Marketing firm admits it listens to conversations to sell targeted ads


Leading U.S. marketing company Cox Media Group (CMG) has reportedly admitted to monitoring conversations for the purpose of targeted advertising.

Working with renowned brands like CBS, Fox News and ESPN, CMG has allegedly been promoting its ability to eavesdrop on consumers through microphones in smartphones, TVs, and smart speakers.

The agency has coined this capability “Active Listening” and has been actively pitching this service it to advertisers, showcasing the feature on its website, reports 404.

Why we care. Amid the worldwide push for enhanced privacy, including measures like the phasing out of third-party cookies, these statements have caught the PPC community off guard. Many are now speculating about potential repercussions, signaling a warning to the broader industry.

SEO consultant Glenn Gabe responded to the report on X, writing: “This will not end well.”

Google Ads expert, Steve Huskey, added: “Textbook definition of invasion of privacy.”

How it works. CMG allegedly claims that its Active Listening technology can spot potential customers in real-time through everyday conversations. It’s uncertain if this feature is on current devices, but CMG promotes it as a futuristic marketing tool that is “available today.”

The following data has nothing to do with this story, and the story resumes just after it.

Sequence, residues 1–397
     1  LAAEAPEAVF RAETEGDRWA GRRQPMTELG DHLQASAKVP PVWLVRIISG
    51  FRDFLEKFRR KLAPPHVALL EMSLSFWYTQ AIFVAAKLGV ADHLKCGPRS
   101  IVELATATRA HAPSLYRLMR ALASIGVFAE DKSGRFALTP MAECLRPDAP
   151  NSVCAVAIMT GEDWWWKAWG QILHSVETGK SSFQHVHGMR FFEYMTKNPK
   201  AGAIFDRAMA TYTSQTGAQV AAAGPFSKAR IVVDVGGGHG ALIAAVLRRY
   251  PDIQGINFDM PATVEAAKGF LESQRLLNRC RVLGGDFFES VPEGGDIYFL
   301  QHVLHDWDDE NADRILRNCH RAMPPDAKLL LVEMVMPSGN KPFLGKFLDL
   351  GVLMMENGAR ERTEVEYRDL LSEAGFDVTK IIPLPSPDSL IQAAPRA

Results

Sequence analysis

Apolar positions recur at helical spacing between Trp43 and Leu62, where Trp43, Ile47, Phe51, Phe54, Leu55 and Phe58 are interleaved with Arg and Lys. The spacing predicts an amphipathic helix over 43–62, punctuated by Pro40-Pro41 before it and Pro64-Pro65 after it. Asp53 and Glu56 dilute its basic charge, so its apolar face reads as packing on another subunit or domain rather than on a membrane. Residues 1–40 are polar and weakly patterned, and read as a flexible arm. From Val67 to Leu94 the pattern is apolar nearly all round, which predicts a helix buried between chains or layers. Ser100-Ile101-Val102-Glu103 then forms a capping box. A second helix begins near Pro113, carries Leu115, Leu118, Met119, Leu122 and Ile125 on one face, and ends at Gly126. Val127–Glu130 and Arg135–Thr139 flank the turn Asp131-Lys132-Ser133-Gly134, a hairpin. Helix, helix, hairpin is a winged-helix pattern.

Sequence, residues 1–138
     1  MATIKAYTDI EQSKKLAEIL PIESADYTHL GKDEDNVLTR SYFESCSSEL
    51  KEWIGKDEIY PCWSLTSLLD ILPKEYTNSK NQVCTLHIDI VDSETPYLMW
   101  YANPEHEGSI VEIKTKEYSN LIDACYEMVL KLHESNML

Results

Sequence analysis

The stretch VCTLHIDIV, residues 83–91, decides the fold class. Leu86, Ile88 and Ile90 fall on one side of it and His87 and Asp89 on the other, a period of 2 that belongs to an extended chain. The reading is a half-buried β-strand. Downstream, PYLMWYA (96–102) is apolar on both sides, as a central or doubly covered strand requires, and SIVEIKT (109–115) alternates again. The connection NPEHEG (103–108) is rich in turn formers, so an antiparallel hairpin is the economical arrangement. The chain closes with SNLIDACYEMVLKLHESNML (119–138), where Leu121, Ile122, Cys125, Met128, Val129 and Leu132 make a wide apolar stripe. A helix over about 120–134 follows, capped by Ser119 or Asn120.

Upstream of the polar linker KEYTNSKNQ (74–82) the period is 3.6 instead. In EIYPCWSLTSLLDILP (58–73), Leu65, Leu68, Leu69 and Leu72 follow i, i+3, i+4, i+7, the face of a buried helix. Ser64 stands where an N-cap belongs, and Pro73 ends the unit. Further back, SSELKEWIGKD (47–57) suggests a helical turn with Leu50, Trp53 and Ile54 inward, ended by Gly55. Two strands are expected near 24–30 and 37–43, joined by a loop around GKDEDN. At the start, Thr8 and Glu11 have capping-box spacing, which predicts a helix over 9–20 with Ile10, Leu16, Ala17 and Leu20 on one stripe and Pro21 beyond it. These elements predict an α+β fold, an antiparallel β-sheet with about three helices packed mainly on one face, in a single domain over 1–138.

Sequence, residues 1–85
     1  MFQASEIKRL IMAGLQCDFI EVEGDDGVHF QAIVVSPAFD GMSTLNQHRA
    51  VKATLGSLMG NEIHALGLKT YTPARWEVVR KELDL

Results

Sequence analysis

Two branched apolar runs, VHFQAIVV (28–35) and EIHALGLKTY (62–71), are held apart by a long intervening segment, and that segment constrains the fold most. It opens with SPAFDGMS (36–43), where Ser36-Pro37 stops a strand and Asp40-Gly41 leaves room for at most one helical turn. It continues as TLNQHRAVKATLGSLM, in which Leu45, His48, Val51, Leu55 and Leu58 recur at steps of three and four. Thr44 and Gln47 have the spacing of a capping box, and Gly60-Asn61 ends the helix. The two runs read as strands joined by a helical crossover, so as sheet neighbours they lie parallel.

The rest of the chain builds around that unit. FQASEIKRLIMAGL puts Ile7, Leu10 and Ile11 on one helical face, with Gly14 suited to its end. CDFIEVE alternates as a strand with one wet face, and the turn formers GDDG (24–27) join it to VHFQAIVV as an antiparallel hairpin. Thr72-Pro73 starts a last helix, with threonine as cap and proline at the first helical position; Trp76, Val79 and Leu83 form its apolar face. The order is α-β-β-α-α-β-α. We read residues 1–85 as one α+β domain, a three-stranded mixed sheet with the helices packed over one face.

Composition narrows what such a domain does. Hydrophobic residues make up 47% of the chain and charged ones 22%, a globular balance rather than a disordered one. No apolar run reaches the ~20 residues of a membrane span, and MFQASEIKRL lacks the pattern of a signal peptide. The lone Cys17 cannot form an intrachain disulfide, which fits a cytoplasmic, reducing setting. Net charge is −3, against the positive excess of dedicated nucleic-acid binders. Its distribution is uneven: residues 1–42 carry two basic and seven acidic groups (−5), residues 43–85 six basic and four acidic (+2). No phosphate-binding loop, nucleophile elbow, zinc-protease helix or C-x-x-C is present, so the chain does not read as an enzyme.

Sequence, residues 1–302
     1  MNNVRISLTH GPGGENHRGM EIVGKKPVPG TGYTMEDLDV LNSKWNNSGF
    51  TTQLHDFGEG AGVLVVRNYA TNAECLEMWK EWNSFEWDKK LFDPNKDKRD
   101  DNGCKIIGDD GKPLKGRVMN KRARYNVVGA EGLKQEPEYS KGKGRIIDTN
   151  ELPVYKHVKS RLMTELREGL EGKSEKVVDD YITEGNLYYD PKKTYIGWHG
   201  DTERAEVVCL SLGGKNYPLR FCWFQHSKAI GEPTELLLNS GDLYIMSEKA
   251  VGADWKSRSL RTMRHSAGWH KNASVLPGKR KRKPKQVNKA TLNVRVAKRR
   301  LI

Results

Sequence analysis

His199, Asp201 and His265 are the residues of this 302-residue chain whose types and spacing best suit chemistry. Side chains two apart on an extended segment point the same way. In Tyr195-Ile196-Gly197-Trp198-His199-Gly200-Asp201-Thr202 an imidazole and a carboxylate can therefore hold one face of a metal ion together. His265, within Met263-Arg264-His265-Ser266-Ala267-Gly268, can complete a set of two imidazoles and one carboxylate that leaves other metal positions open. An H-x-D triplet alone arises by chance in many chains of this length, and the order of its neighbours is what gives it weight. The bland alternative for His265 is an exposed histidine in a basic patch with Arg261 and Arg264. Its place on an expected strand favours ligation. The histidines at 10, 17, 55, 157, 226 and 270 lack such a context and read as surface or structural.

Pitching the product. A CMG rep was reportedly spotted on LinkedIn promoting this service, encouraging interested parties to get in touch so that they could provide more information on prices.

What CMG is saying. A CMG spokesperson told Search Engine Land:

  • “CMG Local Solutions markets a wide range of advertising tools. Like other advertising companies, some of those tools include third-party vendor products powered by data sets sourced from users by various social media and other applications then packaged and resold to data servicers.”
  • “Advertising data based on voice and other data is collected by these platforms and devices under the terms and conditions provided by those apps and accepted by their users, and can then be sold to third-party companies and converted into anonymized information for advertisers.”
  • “This anonymized data then is resold by numerous advertising companies. CMG businesses do not listen to any conversations or have access to anything beyond a third-party aggregated, anonymized and fully encrypted data set that can be used for ad placement.”
  • “We regret any confusion and we are committed to ensuring our marketing is clear and transparent.”

What Google is saying. A Google spokesperson told Search Engine Land:

  • “For years, Android has prevented apps from collecting audio when they’re not being actively used, and whenever an app activates a device’s microphone, there is a prominent icon displayed in the status bar.”

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Deep dive. Read ‘A PPC guide to privacy-focused audience targeting‘ for more information on how to serve ads while adhering to user privacy best practices.





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